How can we tell if we love something too much? I love drinking coffee. Coffee is a gift from God to be enjoyed. It defibrillates my body into working properly each morning. My workday orbits around coffee breaks. Sometimes I daydream about the coffee I’m going to drink after dinner. Sometimes I dream about brownies too. Big, fat, chocolate brownies that are still slightly warm. Coffee plus brownies almost equals heaven. Not really, but you know what I mean.
Do I love coffee too much? Am I a coffee idolater? How can I know if I love coffee or brownies or work or children or anything too much?
Here are several symptoms of idolatry:
- You’re crushed when you don’t get what you want.
- You stake your happiness on getting what you want.
- You grumble and complain when you don’t have what you want.
We know we’ve become idolaters when a good thing has become a supreme thing. And the result of idol worship is always discontentment.
- You demand what you want.
Idols are terrible masters. They demand our love, thoughts, affections, time, dreams, and desires. But they never satisfy, never deliver as promised. Idols always leave us in a state of dizzy discontentment.
In 1 John 5:21 we read, “Little children, keep yourselves from idols.” Most of us don’t do a jig of excitement when we read those words. Frankly, we’ve gotten a bit attached to our idols. We make sure they’re well fed and get plenty of attention. The thought of giving up our pet idol isn’t so appealing. We may not be able to have what we want, but at least we can dream, and that gives us some pleasure.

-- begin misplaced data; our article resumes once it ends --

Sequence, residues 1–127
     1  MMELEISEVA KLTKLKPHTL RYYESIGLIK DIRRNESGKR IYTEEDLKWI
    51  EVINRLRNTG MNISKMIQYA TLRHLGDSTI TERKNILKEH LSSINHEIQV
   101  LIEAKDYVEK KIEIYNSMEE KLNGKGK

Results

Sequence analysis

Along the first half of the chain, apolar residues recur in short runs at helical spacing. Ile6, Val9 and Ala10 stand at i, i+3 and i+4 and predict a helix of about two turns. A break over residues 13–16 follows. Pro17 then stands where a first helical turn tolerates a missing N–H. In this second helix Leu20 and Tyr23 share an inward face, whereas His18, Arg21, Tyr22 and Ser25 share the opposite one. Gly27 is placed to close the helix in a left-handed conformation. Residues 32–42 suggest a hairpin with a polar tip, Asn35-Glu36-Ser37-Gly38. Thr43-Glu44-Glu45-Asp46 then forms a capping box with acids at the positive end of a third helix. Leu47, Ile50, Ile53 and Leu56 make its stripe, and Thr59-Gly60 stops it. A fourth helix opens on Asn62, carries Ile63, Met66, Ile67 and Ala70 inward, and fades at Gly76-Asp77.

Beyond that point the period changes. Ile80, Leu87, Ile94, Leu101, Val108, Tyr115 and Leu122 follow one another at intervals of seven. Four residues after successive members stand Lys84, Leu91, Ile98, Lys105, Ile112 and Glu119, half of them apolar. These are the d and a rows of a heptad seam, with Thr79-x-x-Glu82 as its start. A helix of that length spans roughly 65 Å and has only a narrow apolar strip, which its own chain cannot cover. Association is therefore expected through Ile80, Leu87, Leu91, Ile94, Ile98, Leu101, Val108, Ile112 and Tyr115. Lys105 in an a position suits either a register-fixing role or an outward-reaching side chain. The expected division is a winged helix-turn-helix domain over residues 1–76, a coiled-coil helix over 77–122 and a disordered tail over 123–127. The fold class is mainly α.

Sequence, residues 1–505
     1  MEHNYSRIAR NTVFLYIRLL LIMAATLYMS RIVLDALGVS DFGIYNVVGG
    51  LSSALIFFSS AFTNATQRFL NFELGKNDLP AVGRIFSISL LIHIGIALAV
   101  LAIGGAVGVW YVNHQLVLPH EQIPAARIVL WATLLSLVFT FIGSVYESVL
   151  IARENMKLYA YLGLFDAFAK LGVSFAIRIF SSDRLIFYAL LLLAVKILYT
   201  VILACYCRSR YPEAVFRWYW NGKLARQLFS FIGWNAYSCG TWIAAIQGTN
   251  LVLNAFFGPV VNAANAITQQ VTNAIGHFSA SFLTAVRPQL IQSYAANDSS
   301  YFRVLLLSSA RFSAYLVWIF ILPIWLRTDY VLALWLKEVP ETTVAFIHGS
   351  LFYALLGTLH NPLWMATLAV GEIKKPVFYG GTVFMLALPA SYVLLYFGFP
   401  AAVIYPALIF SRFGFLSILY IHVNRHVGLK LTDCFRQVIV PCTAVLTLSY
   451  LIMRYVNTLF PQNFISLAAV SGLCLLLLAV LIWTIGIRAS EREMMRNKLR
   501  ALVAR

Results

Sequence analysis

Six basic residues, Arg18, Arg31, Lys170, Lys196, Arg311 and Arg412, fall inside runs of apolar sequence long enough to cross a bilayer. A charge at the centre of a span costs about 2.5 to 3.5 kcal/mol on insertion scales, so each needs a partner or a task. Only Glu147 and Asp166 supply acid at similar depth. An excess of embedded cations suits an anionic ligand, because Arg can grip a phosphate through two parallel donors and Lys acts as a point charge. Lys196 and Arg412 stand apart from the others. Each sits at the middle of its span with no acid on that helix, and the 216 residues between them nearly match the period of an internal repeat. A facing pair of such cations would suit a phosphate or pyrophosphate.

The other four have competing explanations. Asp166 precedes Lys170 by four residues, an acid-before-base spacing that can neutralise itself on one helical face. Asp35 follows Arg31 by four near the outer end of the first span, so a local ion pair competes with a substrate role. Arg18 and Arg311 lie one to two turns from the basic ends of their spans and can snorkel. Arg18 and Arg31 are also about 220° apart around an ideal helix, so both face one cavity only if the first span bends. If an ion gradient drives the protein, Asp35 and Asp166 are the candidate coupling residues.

But playing with idols is like playing with boa constrictors. The longer an idol is left unchecked, the stronger its grip on our heart becomes. The idol crushes our heart until our love for God is almost extinguished. Idolatrous desires must be destroyed.
But how do you destroy an idol? Should you stop wanting to get married altogether? Should you toss all hopes of an end-of-year bonus out the door? No.
The solution is to put off idolatrous desires. In Ephesians 4:22 we are commanded to “put off your old self, which belongs to your former manner of life and is corrupt through deceitful desires.” The old self represents the way we lived before we came to know Christ.
Before we knew Christ we worshiped everything but God. We loved sex, money, movies, jobs, and politics more than Jesus. We were idolaters. But now that we are in Christ we must put off idolatry. It belongs to our former way of life and is totally incompatible with our new life in Christ. Now Christ demands our supreme affection, and everything else is a distant second. Jesus is very jealous. Nothing is allowed to compete with him for our love.
We put off idolatrous desires by the power of the Holy Spirit. Romans 8:13 says, “For if you live according to the flesh you will die, but if by the Spirit you put to death the deeds of the body, you will live.” Idols can only be destroyed by the supernatural power of the Holy Spirit. We need the Spirit to help us identify our idols. We need the Spirit to give us a holy hatred and distaste for our idols. We need the Holy Spirit to give us a deep love for God that drives out all lesser loves. We need the Spirit to give us power over our idolatrous desires. When we become aware of an idol lurking in the shadows of our heart, we need to immediately ask the Holy Spirit for fresh power, and then we need to take action.
The First Step Toward Contentment
Contentment and idolatry don’t mix well. Putting off idolatrous desires is the first step toward contentment. It’s impossible to be content in God and worship something other than God at the same time. It just can’t happen. And so the first step in finding joy is to kill the things that are killing you. It’s never easy and is usually excruciating.But the sweet fruit of contentment can only blossom after you’ve ripped out the weeds.
This excerpt was adapted from The Greener Grass Conspiracy: Finding Contentment on Your Side of the Fence by Stephen Altrogge.